How Zach Parise Recovers From the NHL's Most Brutal Workouts

The 33-year-old Minnesota Wild winger puts his body through the ringer every time he trains. Here's how he makes sure his hard work doesn't go to waste.

To call Zach Parise's training intense is an understatement. The 33-year-old Minnesota Wild winger's workouts are borderline torture.

If you were to stumble upon one of his offseason sessions, you might see Parise hold a squat position for five straight minutes as his legs quiver in agony. All the while, multiple electrodes attached to his body send shockwaves through his muscles. "It's so different than the traditional style of training," Parise told STACK.

The system is the brainchild of Jay Schroeder, a kinesiologist and the owner of EVO UltraFit. Just how difficult are the workouts Schroeder's created? Fellow NHL player T.J. Oshie nearly quit the system after his first two weeks due to the brutal intensity. The aforementioned electrodes are one reason the training is so difficult, as Parise keeps them attached to his body (albeit on different muscle groups) for nearly the entire duration of the workout.

"It's very noticeable. There's different frequencies and pulses and intensities," Parise says. "For example, while you're holding a Squat or a Lunge or a Wall Sit, this machine is also contracting your quads and your hamstrings at a really intense level. It makes it really, really hard."

But all that grueling work would go to waste if Parise overlooked recovery. That's why he reaches for chocolate milk after every workout, game and practice. Low-fat chocolate milk contains the right mix of protein and carbs to support recovery after tough workouts. A surprising amount of research supports chocolate milk as a highly effective recovery beverage.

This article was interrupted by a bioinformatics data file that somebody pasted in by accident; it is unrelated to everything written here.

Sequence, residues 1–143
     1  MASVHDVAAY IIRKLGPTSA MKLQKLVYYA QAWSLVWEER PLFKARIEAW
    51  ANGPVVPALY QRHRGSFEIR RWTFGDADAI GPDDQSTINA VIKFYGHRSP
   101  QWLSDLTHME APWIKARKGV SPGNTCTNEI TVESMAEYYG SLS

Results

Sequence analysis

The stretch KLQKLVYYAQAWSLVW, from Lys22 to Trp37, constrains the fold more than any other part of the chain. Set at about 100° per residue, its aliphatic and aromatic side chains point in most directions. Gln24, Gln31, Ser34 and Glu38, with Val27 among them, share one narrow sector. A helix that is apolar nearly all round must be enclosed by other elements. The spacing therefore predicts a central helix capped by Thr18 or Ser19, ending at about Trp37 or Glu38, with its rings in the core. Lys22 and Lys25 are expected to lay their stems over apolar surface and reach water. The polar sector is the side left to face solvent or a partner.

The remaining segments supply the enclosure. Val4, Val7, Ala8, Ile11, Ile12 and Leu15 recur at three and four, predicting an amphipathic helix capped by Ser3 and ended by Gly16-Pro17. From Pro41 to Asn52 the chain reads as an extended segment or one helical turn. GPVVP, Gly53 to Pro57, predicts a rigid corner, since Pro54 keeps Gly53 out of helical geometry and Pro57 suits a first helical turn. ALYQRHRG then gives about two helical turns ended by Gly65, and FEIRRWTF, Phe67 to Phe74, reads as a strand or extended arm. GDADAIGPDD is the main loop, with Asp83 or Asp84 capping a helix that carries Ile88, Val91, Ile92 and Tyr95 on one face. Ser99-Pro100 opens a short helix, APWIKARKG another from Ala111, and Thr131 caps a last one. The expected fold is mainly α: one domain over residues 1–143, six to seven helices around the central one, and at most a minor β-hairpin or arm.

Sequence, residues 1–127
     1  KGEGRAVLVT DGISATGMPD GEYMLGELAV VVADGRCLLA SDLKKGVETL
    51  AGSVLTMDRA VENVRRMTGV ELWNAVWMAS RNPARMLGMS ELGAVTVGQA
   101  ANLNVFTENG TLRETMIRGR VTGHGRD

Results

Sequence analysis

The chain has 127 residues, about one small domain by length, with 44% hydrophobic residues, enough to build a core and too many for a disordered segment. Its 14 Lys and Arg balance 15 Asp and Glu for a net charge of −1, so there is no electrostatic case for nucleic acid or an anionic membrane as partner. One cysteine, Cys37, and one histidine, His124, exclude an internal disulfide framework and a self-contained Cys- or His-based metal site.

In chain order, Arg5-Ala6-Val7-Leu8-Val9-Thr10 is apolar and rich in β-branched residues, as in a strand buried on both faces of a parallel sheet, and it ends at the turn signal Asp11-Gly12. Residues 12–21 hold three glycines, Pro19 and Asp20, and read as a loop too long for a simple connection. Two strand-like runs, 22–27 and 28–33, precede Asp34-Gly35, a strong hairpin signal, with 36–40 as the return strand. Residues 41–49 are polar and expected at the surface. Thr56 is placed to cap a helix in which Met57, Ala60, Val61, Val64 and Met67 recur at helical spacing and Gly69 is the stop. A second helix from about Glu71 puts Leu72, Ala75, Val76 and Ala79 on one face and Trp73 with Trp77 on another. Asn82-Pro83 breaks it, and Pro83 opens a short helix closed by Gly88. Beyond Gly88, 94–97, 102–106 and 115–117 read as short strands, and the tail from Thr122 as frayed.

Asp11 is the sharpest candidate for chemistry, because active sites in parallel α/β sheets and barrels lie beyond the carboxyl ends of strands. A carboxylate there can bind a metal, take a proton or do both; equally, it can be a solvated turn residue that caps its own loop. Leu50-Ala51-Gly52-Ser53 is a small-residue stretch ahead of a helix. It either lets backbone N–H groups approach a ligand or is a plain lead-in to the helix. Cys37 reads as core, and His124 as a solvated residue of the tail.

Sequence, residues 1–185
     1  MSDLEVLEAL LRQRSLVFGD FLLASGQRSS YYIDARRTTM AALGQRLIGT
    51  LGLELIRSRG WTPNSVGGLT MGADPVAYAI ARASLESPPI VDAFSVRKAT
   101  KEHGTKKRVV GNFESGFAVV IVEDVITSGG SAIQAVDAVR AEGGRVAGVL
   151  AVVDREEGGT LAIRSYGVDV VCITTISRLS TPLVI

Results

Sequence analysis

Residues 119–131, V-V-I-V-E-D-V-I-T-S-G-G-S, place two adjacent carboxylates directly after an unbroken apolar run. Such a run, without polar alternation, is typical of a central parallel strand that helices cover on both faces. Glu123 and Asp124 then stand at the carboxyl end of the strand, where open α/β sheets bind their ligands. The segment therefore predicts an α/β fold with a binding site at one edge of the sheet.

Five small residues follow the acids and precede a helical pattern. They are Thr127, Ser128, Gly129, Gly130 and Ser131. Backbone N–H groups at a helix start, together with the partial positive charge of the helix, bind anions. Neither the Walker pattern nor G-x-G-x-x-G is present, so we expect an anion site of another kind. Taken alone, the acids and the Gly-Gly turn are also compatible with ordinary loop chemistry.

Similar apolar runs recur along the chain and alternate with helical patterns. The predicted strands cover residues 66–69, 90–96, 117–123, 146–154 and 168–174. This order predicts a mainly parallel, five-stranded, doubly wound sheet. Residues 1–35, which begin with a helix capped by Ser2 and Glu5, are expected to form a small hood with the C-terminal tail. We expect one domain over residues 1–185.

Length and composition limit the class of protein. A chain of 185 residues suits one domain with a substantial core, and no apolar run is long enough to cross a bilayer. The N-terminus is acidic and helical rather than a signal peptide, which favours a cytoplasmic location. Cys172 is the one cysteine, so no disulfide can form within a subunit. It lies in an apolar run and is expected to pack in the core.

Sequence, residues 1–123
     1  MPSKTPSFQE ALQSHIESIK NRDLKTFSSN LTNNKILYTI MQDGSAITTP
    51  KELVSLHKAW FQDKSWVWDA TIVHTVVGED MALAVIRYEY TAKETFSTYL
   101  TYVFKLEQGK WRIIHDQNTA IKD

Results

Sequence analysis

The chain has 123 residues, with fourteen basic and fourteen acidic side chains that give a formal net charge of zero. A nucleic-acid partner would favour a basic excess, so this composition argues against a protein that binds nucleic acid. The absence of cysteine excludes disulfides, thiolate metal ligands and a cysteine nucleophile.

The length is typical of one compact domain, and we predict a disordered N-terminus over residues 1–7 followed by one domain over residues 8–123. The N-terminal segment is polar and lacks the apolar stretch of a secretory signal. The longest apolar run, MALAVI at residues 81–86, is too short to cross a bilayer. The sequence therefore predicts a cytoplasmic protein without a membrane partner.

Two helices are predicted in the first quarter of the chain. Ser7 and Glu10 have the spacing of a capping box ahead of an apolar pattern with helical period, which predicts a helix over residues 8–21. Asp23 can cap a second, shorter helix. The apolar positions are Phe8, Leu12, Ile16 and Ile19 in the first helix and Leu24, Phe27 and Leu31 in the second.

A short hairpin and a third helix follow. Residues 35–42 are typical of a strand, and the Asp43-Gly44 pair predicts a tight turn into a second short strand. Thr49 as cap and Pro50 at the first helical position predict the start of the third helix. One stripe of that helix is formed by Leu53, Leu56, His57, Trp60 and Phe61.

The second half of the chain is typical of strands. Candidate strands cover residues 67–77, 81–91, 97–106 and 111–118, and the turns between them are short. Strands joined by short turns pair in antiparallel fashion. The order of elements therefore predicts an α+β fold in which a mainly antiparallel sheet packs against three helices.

"It's become my go-to recovery drink after practices or games or training," Parise says. "You're always looking for something—any type of edge you can get—in sports. And it's so important after training or after a game or practice to be able to bounce back for the next day. It's not just something that tastes good, it's got the science behind it. It's got all the important nutrients you need to help you recover and be on top of your game the next day."

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Parise always aims to down chocolate milk within 15 minutes after he completes an activity, as that allows him to reap the full benefits of the protein-packed beverage. "I have a 15-minute window to maximize recovery and make sure I'm ready to play at my top level," Parise says. The combination of ferocious training and smart recovery is working wonders for Parise, who believes he's found the right formula for overcoming the grind of an 82-game NHL season.

"I'm a big believer in what we're doing. I feel fresh and it's game 75. I feel like it's game 10," Parise says. His numbers back that sentiment up, as he tallied 14 points over his final 17 games last season (including the playoffs). Parise has helped the Wild make the playoffs for five consecutive seasons, tied for the fifth-longest active streak in the NHL. However, he's no longer satisfied with simply making it into the postseason.

"The ultimate for us as a team would be to win the championship," Parise says."At the end of the year, to be the last team, that's what everyone's striving for. For Minnesota, it would be incredible. Hockey is such a part of the culture."